The risk of going long is intuitive: Buy $50 of shares, and if the price drops you lose that amount. But losses on bearish bets can be more severe and swift. A classic $50 short can lose multiples that amount if the stock soars. And while using options may limit losses, investors can get wiped out quickly if the stock rises.

The shorts that were listed in Melvin’s regulatory filing from the third quarter all rocketed in recent weeks. Names include Bed Bath & Beyond Inc., iRobot Corp. and GSX Techedu Inc. GameStop, the stock that seemed to set off the short squeeze, soared 634% in the month through Tuesday. That night Elon Musk tweeted a link to the Reddit thread with the caption “Gamestonk!!” And by mid-Wednesday in New York, the stock more than doubled again.

Investors caught in a short squeeze can close out bets and eat their losses, or try to ride out the price surge – typically requiring they put up more money.

Melvin’s cash infusion was almost unheard of in hedge fund land. Griffin, his partners and the hedge funds he runs at Citadel threw in $2 billion and Cohen’s Point72 Capital Management, which already had about $1 billion invested in Melvin, ponied up another $750 million.

Cohen, one might argue, was bailing out his own investment. For Griffin, it was a rare opportunity to invest in a talented manager on the cheap. Both firms got a minority revenue share from the firm for stepping in.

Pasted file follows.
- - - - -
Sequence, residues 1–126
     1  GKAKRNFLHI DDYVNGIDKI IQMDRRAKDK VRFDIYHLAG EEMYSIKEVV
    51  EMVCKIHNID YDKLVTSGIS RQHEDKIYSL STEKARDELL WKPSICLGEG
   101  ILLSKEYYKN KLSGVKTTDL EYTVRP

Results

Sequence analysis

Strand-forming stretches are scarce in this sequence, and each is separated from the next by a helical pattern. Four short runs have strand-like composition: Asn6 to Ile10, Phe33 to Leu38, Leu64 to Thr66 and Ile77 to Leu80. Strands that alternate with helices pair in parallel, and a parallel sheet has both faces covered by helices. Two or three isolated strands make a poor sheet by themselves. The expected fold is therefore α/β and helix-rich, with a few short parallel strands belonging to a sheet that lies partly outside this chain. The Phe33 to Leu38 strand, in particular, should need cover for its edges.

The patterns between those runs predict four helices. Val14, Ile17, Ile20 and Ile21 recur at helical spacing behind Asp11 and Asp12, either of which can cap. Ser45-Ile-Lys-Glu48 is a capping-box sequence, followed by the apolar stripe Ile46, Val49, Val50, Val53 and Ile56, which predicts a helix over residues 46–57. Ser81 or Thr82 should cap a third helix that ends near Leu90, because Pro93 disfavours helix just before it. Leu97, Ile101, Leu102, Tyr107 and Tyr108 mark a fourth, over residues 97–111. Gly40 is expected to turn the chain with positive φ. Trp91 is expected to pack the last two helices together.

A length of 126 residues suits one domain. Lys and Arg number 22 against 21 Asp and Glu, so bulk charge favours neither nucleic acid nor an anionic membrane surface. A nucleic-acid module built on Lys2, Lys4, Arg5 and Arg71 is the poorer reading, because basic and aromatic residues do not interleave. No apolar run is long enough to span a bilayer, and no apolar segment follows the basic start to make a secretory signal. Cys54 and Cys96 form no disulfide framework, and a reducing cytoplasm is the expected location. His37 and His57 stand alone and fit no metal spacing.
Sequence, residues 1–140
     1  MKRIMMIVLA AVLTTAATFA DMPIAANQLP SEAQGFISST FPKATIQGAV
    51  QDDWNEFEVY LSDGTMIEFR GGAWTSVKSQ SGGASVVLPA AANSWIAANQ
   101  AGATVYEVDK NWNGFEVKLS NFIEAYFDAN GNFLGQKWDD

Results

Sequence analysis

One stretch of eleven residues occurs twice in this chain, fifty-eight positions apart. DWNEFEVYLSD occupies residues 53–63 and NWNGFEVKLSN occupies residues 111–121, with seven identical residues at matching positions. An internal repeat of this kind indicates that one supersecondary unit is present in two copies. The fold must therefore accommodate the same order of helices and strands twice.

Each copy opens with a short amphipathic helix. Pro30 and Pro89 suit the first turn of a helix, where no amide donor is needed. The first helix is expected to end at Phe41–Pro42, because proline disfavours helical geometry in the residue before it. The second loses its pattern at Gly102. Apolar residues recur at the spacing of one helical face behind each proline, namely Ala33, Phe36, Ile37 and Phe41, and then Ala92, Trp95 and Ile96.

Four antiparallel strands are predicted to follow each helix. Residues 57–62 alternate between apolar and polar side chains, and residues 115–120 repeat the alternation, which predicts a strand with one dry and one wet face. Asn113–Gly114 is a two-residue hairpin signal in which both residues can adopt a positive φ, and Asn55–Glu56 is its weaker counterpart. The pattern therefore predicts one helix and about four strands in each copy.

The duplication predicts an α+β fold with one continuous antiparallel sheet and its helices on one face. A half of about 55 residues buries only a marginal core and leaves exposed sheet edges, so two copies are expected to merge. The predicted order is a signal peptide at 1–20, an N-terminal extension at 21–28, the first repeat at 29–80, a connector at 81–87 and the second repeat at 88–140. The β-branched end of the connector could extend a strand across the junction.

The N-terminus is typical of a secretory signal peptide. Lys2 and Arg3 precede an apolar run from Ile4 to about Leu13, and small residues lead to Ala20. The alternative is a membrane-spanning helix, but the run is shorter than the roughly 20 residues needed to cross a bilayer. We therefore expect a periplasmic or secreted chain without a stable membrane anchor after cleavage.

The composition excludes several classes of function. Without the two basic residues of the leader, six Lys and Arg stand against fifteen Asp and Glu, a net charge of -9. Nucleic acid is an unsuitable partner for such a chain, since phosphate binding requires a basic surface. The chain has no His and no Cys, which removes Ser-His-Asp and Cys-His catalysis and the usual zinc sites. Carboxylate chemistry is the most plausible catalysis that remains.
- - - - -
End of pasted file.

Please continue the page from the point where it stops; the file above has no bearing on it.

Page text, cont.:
Late Tuesday, Cohen broke his usual habit of only tweeting about his New York Mets. “Hey stock jockeys keep bringing it,” he wrote on the social media platform.

Until this year, Plotkin, 42, had one of the best track records among hedge fund stock pickers. He’d worked for Cohen for eight years and had been one of his biggest money makers before leaving to form Melvin – named after his grandfather – in December 2014.

So good was Plotkin’s reputation that the firm closed to additional investors before word had even spread that he was setting out on his own. Despite a loss in 2018, he’s posted an annualized return of 30% since opening, ending last year up more than 50%, according to an investor.

Then came January, when Melvin first became aware that a Reddit crowd had put a target on the firm’s positions, ramping up an attack on GameStop and other shorts.

Exposing Positions

Why they singled out Melvin remains a mystery. As far as hedge fund managers go, Plotkin is considered low key. He doesn’t show up at many conferences or hobnob at society balls. Former colleagues and current investors say he’s a nice, quiet guy – not the type to make enemies.